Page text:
It is hard for me to give you reasons why I now like Win10, its little different in appearance and functionality to Win7, a bit slicker and faster perhaps but since like most people, it’s the underlying programs I use most, rather than built-in ones, it makes little difference on a day-to-day basis. You don’t need to take my word for it, just search the net (google*) for “should I upgrade to Windows 10” for a different take on my opinion.

If you decide to upgrade, or you haven’t turned off automatic upgrades to Windows and it happens anyway… and you get any problems… google* is your friend… search for the problem (perhaps even the exact wording of any error message) for possible solutions. Someone else will have had (and perhaps solved) the same issue. Otherwise contact me and, usually within my initial one hour consult, I can resolve the problem by remote access over the internet.

Windows Taskbar (continued)

Lets look at the functions of the taskbar from left to right (or top to bottom if you’ve moved it to the side).


Windows 7 Taskbar



Windows 8 Taskbar and part of the Start/Metro screen



Windows 10 Taskbar


  • On the far left is the window flag icon, clicking this will have the same effect as pressing the flag key on the keyboard. The start menu will pop up (Windows 8 used a full screen equivalent, baffling and reviled by to many called Metro which Microsoft intended as an interface for all devices – phone, tablet, laptop and desktop – its main problem is that it assumes touch screen functionality an issue for the usual desktop and most laptops) I will discuss the start menu in a later blog.
    • In Windows 10 the next item on the taskbar is a “Search Windows” field. This may be set to “Ask Cortana” a voice activated “guide” that defaults to searching the web and other annoying traits (disabling Cortana in a later blog!).  This is one of many ways to access an installed program or function.  Start typing its name and it will do a pretty good job of showing you what you have on your machine and also options on the internet beyond.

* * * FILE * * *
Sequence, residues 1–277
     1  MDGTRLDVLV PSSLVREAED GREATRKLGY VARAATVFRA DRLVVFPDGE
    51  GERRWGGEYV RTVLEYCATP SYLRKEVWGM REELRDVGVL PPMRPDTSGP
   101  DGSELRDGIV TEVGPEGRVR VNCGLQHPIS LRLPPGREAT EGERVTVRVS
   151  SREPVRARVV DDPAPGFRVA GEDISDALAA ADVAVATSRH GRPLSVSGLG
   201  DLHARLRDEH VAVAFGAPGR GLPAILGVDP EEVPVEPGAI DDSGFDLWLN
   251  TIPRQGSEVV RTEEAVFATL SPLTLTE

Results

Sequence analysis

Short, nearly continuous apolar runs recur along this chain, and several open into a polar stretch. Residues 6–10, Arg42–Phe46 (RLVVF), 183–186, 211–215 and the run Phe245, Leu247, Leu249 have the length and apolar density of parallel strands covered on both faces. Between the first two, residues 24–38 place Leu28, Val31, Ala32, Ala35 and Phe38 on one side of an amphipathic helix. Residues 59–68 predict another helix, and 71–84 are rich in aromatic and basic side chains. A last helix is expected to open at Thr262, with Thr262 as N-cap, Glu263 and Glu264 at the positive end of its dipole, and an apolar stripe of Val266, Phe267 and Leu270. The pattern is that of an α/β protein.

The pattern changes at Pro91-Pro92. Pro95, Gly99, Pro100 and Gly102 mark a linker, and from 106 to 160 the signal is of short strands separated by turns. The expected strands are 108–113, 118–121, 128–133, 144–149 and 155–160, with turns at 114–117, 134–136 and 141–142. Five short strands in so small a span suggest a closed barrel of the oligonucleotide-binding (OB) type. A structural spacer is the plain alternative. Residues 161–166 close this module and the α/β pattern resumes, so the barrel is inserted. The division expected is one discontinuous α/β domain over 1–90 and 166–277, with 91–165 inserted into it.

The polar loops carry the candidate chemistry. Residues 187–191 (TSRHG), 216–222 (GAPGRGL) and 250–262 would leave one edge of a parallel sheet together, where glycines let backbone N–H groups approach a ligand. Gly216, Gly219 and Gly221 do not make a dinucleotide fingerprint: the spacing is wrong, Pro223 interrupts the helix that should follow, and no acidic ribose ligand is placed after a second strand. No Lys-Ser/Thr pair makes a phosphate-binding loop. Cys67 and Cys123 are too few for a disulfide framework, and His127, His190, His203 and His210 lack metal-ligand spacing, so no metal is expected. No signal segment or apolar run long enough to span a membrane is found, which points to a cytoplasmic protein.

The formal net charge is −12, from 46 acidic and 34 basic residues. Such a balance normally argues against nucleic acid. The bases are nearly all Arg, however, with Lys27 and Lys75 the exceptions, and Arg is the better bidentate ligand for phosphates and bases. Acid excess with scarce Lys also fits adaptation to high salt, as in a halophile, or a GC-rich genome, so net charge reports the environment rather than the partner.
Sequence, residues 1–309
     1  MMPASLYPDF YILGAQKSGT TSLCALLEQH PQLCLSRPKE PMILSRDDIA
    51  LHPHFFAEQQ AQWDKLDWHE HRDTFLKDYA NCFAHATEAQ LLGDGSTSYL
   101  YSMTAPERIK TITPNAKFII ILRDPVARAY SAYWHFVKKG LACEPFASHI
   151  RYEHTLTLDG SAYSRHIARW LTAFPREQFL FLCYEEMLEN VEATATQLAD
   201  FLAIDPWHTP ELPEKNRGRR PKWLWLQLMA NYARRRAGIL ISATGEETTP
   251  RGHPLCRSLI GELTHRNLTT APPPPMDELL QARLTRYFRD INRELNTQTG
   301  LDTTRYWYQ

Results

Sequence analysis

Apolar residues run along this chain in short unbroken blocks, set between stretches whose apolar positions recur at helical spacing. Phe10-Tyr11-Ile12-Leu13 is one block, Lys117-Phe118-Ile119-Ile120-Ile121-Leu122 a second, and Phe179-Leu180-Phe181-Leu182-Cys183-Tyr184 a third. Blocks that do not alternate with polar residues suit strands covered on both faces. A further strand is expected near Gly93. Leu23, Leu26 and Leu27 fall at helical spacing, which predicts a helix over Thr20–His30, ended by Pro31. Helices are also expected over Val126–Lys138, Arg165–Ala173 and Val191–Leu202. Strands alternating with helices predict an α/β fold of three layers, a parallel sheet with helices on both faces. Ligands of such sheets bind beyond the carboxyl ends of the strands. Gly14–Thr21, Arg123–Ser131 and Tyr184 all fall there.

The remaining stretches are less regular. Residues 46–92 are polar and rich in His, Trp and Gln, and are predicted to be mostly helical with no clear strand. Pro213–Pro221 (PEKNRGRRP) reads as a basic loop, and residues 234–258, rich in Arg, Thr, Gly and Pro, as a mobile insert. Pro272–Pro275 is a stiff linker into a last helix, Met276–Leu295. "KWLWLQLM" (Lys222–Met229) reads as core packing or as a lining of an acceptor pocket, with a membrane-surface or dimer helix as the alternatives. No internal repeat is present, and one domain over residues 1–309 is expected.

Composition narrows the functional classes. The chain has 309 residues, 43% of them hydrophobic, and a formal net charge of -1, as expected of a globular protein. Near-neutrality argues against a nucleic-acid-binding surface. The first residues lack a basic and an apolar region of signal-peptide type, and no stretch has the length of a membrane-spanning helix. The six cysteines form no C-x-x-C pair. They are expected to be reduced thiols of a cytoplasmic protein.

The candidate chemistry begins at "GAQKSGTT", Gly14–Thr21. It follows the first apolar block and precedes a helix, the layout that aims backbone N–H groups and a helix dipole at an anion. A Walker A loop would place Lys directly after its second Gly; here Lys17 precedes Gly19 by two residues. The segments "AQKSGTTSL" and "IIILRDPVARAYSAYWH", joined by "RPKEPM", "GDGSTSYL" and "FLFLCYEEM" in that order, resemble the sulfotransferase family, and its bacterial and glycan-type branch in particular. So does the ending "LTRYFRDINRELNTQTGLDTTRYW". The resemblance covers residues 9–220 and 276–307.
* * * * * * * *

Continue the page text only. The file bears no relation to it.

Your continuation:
• Again, in Windows 10 only, the next item is an icon showing a window outline with two behind; this is the Task View and will do the same as [alt][tab] showing currently running programs (which can be clicked to select)
  • Now starts the bulk of the taskbar showing… tasks. The first icons will be the Quick Launch icons (placed there by dragging an icon from the desktop or explorer (with a hint or question about pinning it to the taskbar). After these come the running tasks (again selectable by clicking). In Windows 10, if you have clicked a Quick Launch icon and it is running, it will be underlined (such as the three rightmost icons in the Windows 10 taskbar image above).


Right clicking on the quick launch icons allows you to unpin, or if running, show some task specific options as well as close all windows.


Right clicking on a blank area of the task bar gives options for managing the taskbar as well as the Task Manager (I’ll look in more detail at this in a later blog)

The final two items on the far right of the taskbar are the notification area and the clock which I will cover later.